Advantages of using React
React is mostly used on the client-side, but if e.g. SEO is your big concern, you can actually run React on the server. And, as if this was not enough, with little extra effort you can leverage React Native to build native iOS, Android and Windows Phone apps! Also, a viable alternative for developing mobile apps is Apache Cordova and plain React (basically a web-app running inside a WebView).
Our experience with React
There are very few libraries that can really match or challenge React when it comes to ease of composing complex UIs and performance. The learning curve for developers is also pretty tolerable (I'm looking at you, AngularJS).
At rspective, we find React a perfect fit especially for complex UIs - that's where blazing performance really kicks in, and composable architecture pays off in overall simplicity and a solution that is easy to maintain. On the other hand it fits well into small apps too - as they tend to grow with new features over time, so it often makes sense to put React in place at the very beginning, rather than back off from e.g. jQuery or rewrite the whole thing later on.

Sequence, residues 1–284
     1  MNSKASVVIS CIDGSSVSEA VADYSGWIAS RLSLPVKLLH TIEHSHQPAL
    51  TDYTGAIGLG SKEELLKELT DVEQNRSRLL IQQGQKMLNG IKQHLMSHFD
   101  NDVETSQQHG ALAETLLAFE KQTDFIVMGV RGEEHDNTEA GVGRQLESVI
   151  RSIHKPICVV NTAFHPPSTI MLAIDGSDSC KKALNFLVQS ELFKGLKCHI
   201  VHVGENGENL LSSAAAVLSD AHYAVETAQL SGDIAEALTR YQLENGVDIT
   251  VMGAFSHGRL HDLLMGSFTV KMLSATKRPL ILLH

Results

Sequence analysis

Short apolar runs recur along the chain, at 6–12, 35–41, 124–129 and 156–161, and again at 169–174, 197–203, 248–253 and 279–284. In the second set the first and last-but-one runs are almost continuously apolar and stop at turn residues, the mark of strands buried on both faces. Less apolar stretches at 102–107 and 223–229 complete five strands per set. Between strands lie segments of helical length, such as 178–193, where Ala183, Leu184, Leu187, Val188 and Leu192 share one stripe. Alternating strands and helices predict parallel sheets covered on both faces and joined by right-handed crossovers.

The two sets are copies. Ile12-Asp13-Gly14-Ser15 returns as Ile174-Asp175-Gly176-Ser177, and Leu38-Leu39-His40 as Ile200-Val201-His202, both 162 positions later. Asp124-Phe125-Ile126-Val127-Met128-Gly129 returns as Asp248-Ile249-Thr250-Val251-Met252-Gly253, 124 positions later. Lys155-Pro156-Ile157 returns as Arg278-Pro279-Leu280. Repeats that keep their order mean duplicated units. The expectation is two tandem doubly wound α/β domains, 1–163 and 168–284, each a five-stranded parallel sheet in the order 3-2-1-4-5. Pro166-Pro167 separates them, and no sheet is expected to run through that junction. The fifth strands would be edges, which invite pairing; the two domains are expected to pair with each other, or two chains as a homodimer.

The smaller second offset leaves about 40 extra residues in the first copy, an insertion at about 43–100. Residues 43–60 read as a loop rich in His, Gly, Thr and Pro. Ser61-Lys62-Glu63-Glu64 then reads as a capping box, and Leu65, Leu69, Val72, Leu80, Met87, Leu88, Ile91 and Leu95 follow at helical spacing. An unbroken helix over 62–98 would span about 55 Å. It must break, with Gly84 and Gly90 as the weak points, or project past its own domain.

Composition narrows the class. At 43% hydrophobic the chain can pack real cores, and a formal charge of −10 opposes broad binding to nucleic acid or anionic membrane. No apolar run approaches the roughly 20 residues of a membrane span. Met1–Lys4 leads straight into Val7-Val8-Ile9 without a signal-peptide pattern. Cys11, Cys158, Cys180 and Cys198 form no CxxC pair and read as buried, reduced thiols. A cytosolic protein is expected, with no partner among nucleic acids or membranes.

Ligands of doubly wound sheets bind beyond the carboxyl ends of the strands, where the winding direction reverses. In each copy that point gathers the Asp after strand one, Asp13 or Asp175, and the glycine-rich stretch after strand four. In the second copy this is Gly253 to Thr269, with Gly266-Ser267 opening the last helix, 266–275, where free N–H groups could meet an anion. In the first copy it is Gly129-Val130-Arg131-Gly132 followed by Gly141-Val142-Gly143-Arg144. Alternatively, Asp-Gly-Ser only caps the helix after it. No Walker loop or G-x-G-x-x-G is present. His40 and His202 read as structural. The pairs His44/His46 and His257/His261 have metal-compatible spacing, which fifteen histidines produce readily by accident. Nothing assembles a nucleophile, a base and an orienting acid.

Another advantage that we see in practise is that it's only a View library. In effect, it doesn't impose how you are supposed to design your entire application, but it gives you freedom to pick your tools of choice and use them together with React as you want. In other words - it doesn't force you to build the app within the constraints of the framework (taking it to the extreme - you don't need to work around your framework), but the framework is there to help you out with the tech so you can truly focus on the business.
Together with libraries that help you handle state through-out your application, like redux or MobX, React positions itself as a state-of-the-art and truly powerful tool. With a great developer community and cross-platform capabilities, it becomes a de-facto standard of the modern web.
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